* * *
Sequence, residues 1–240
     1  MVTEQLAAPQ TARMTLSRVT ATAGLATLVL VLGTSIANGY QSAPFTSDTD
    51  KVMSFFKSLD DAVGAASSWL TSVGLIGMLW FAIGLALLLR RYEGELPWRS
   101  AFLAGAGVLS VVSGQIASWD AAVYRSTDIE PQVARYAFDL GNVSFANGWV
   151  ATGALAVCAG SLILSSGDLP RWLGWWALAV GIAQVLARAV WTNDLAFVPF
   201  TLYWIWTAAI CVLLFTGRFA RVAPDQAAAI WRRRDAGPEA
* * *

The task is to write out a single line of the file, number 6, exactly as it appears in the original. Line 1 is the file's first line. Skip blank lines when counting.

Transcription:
   201  TLYWIWTAAI CVLLFTGRFA RVAPDQAAAI WRRRDAGPEA